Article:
Abdelghani Dahdouh is a cartoonist from Morocco. How work has been published in several Moroccan newspapers. He is also general coordinator of the National Festival of Caricature, an annual event in Chefchaouen, Morocco.
Gary Waters joined us in December, but we haven’t had a chance to introduce him until now. Gary is an illustrator living in France. His work has appeared in the Wall Street journal, the New York Times and the European Financial Review and many other publications.
Image by John Kennedy
One year ago, 11 people were murdered in Paris in an attack on the headquarters of Charlie Hebdo. Murdered because of cartoons. Lines drawn on paper; lines some people did not agree with. A senseless and tragic attack, and yet more proof of the power that images can have.
Since 2010 Cartoon Movement provides a platform for cartoonists from all over the world to share their images. Images that make you laugh, images that sometimes provoke and offend. But always with the goal to make you think. This year, we felt it was more important than ever to give our cartoonists the freedom to publish cartoons on topics they felt the need to draw about. In 2015, the Democracy & Media Foundation gave us the financial means to publish 100 cartoons this year. No strings attached.
Our goal is to to publish cartoons that show different views and perspectives. We think freedom of expression is best served by a free public debate. A debate in which there is room for different opinions. And cartoons are great at showing different opinions.
This is what our platform is best at: provide space for cartoonists to publish. Many of our cartoonists live and work in countries where they are not free to draw everything. Cartoon Movement offers them a platform to work that they would otherwise not be able to publish, to show this to an international audience.
And we had some great cartoons this year.
Such as a cartoon of the Burmese cartoonist Kyaw Thu Yein. This year, Burma (aka Myanmar) held free general elections for the first time in 25 years. We ran a project to put the spotlight on Burmese cartoonists and give them space publish their cartoons with us in the run-up to these historic elections. Thu Yein was one of these cartoonists : without text, this cartoon shows how a (military) dictator fears the power of the people. A cartoon that will be understood by anyone anywhere in the world.
Being a cartoonist is not easy. Often cartoonists are far from free to draw what they want. If it's not the government that is threatening to censor their work, there is always the danger that extremists (religious or otherwise) will take offense to a particular cartoon. Osama Hajjaj from Jordan experienced this when he made a cartoon about women and Islam. It is in many ways it's a fairly innocent cartoon. We see two families having fun on the beach. But in the second panel, the wife of one family is forced to watch while other are having fun in the water; religious rules do not allow her to go swimming with her family.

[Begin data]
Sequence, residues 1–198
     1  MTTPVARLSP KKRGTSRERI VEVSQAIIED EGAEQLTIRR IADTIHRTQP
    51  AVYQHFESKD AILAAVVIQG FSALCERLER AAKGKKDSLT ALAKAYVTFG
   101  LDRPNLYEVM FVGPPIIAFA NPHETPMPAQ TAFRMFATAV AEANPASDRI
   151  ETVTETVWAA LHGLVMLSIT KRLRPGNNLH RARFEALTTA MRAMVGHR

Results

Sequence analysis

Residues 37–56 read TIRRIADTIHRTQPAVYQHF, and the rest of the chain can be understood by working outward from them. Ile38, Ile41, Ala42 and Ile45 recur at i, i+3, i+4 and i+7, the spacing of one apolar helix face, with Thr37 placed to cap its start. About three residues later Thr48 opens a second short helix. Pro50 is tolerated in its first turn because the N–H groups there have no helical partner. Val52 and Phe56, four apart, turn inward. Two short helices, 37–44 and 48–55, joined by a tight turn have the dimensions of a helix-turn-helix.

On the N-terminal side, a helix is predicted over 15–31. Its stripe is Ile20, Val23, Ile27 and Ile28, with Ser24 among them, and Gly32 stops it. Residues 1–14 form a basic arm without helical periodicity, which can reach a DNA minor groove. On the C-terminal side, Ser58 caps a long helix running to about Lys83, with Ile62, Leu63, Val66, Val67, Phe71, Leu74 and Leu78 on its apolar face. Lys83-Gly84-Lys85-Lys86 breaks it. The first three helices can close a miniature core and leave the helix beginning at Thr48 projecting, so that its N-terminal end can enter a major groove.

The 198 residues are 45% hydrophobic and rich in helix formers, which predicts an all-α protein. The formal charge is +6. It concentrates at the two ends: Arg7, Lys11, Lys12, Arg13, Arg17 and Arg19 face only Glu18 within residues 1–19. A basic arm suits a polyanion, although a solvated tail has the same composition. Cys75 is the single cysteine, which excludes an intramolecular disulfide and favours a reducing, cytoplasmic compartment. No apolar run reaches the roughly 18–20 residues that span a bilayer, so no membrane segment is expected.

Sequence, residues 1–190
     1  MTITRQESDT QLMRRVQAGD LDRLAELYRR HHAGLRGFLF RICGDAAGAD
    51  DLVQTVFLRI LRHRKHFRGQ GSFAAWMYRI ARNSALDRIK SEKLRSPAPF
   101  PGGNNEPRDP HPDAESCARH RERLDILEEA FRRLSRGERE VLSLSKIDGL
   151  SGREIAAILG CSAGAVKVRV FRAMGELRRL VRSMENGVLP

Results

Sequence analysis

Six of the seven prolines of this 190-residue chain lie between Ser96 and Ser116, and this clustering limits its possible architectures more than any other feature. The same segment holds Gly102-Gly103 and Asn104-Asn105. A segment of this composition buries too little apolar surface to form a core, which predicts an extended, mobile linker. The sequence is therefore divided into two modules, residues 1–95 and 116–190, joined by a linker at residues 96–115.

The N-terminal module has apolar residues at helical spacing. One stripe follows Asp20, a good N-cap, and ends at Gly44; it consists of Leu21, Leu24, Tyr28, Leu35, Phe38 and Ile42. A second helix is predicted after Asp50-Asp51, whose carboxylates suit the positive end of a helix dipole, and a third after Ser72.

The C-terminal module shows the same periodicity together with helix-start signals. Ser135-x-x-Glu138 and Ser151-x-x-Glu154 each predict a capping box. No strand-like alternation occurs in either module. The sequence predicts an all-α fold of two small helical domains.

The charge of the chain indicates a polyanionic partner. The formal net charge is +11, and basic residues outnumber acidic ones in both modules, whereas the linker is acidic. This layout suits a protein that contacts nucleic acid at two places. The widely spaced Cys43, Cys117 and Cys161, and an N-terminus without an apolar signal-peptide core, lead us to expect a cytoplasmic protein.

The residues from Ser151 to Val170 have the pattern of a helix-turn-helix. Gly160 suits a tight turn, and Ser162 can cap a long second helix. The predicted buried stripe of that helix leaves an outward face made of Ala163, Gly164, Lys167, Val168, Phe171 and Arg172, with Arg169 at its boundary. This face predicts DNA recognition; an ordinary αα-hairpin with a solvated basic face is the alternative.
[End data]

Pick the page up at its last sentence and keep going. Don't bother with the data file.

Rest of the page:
Osama received death threats from ISIS because of this cartoon. His response: 'Those cowards will not stop me. I still believe that freedom of thought and expression is a human right. "The immense popularity of this cartoon shows how powerful this medium is and why the freedom of it is a human right.' We couldn't agree more, and so does our audience, as this was our most popular cartoon of the year.
Recently, another threat emerged from an unexpected place. Osama's employer (he works in advertising, in addition to his work as a cartoonist) got wind of his work as a political cartoonist. The company wants to force him to sign a statement in which he promises not to make 'political' drawings anymore. At present it seems that Osama will need to quit his job to continue drawing. Together with other organizations (such as Cartooning for Peace) we are looking how we can best help him. Because we believe it is essential that his voice continues to be heard.
Another cartoon that is worth mentioning, was made following the drowning of the three-year-old Syrian refugee boy Aylan. Many cartoonists made a cartoon featuring this iconic image, but few did it as well as Rafat Alkhateeb. This also was one of our more popular cartoons of the year that too much is taken up by other media. One of our goals is to provide a platform for a new generation of cartoonists like 26 year-old Rafat. We can offer hime the opportunity to develop his talent for a large audience.